Pulling Back the Publishing Veil: Setting Expectations

One of the most difficult things to get a handle on is what to expect in the way of income from publishing.  The first problem is there is a wide range. Some authors sell a few hundred books, while others can sell in the millions. For any new author it’s best to set your sights for “the midlist” because by definition that is where most authors will land. After all it’s called “mid” for a reason.

For years, I’ve used Amazon Rankings (both on a per book as well as per author basis) as a way of trying to determine “my place in the world” lower ranks indicate that you are selling more than person xyz but all that really provides is a relative idea of who sells better than whom but it doesn’t help to determine actual sales numbers.

The industry standard for analyzing book sale is Nielsen Bookscan.  They report “point of purchase” sales information which is important as it indicates actual sales to people as opposed to shipments to bookstores. Before Nielson it was the “books shipped” that publishers looked at but they never knew how many books were sitting unsold on shelves, and how many would be coming back in the form of returns.

Over the years Nielsen has added more and more outlets to its data gathering such that now it records about 80% of the books sold. Prior to the addition of Walmart data (added in January 2013) their reporting rate was estimated at around 75%.  Amazon grants access to their own Bookscan data for any author via their free Author Central program. This was a great perk as Bookscan subscriptions are very expensive ($5,000 – $10,000).  But thanks to the IBPA small publishers can get access to Bookscan for a much reduced price and I recently splurged so I could get better educated on the industry as a whole.

Bookscan prohibits the re-publishing of their data but it does paint an interesting picture of the standard book release. It confirms what I’ve heard in the past that the majority of the sales come very soon after release and then fall off greatly.  From looking at the Bookscan data I’ve been able to get a pretty good feel for debut releases, solid titles from midlist authors, and blockbuster sales. I think that by removing the names of the authors and the titles in question that I can share some of this data in a very generic way.

Debut Author

First I’m going to share data for a debut author:



As you can see there is generally a single week’s peak and about 13 weeks of moderate sales. This particular book was released in early December 2011 with the paperback about six months later. As you can see once the paperback came out the hard cover has sold next to nothing.  Assuming this author sells 70% print and 30% ebook we can estimate their total income on this title as follows:

  • Hardcover: $4,190
  • Paperback: $812
  • ebook: $2,701
  • Total: $7,703


Given that advances for debut fantasy authors run $5,000 – $10,000 this author seems to fall squarely in the mid-list. It should be noted that at this point this book has pretty much run its course.  Sales for the trade paperback for the last 6 months is under 20 sales and the paperback not much better at 73 sales. It will probably get another boost when the second in the series comes out but I think it will probably top out around $10,000 over its life.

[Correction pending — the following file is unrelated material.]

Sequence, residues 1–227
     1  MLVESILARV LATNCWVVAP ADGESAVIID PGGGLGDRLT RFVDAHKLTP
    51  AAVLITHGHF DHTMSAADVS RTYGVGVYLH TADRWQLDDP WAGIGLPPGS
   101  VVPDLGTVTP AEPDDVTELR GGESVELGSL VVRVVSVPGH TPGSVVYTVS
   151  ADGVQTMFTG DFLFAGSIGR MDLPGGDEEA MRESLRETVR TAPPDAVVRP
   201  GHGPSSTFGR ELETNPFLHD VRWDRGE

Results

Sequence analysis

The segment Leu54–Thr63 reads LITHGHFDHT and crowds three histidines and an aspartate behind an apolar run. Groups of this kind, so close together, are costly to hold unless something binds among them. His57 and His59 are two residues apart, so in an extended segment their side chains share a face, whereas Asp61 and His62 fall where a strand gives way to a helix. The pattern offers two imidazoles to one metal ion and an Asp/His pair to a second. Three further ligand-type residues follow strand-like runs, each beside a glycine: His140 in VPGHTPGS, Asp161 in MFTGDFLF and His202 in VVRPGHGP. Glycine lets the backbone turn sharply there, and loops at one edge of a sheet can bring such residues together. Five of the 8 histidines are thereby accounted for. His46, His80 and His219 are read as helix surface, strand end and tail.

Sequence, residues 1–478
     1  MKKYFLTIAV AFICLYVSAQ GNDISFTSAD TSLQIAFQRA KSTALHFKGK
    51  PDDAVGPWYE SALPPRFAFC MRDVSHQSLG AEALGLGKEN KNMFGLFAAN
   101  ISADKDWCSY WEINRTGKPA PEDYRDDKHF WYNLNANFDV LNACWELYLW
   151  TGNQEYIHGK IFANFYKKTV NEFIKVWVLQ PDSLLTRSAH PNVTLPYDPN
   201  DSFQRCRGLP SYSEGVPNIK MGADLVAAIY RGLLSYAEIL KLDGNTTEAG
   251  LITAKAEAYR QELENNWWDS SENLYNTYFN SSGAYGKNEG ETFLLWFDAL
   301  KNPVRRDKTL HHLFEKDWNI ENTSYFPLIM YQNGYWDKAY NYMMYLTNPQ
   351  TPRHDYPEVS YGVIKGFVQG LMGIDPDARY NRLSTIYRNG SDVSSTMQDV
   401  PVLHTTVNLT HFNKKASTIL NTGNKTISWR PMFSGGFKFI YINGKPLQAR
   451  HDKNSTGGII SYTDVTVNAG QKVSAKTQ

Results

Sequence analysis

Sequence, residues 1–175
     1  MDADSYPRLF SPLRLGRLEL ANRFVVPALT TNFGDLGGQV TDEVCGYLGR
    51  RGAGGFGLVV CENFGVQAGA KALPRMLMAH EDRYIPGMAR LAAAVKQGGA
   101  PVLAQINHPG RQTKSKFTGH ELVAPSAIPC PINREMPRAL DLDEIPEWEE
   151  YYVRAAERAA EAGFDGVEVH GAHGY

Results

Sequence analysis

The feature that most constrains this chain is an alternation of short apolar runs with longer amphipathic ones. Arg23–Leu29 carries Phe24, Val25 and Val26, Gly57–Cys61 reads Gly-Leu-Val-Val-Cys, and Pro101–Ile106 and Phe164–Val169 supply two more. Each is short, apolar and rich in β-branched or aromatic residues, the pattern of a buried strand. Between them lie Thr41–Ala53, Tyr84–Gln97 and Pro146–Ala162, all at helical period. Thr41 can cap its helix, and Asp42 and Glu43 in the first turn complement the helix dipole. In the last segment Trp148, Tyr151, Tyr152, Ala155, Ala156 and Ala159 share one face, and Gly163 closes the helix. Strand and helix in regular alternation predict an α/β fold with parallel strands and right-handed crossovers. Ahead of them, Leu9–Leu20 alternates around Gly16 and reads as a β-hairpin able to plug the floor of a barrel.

Experienced Author

Now I turned my attention to a more established author. In this case I chose an author who has been releasing at least 1 book a year since 2004.  The following graph comes from their 11th release from one of the established fantasy publishers and the paperback hasn’t come out yet.


As expected, their peak is much larger than the debut author’s and while the period of time before the fall off starts (14 weeks as opposed to 13) it does take longer (22 weeks) before the sales start to decay to just a few sales a week.  Also we see a “Christmas bump” which is pretty indicative of all sales graphs I’ve reviewed.  The paperback won’t be out for a few months yet, at which point the hardcover sales will probably decay down to a book or two a week.  It is pretty consistent at around 15 books a week currently so we can estimate its first year’s sales as follows:

  • Hardcover: $14,472
  • ebook: $5,227
  • Total: $19,699


Unlike the debut author, this title still has some legs. A lot will be determined by the release of the paperback and I wouldn’t hazard a guess at what it’s final numbers will be. One thing I will speculate is that it probably has another year’s worth of income. For mos people $20,000 a year isn’t enough to live on and, like many authors, this one still has their day job.  It’s sobering to think that even after a decade in the business and ten books released that a day job is still required.  Unfortunately this is more of an exception than a rule.

In picking these two authors I tried to choose ones that represented solid mid-list players.  Obviously there will be wide variations on either side f these two but I think if trying to get a “feel” for what to expect these are good representative cases.

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  1. Michael,
    Always enjoy the insight and perspective you bring. I find the data you show very much in line with a films debut. That opening weekend hits big and then its all downhill until the DVD.

    Look forward to your next article and your new books this summer.


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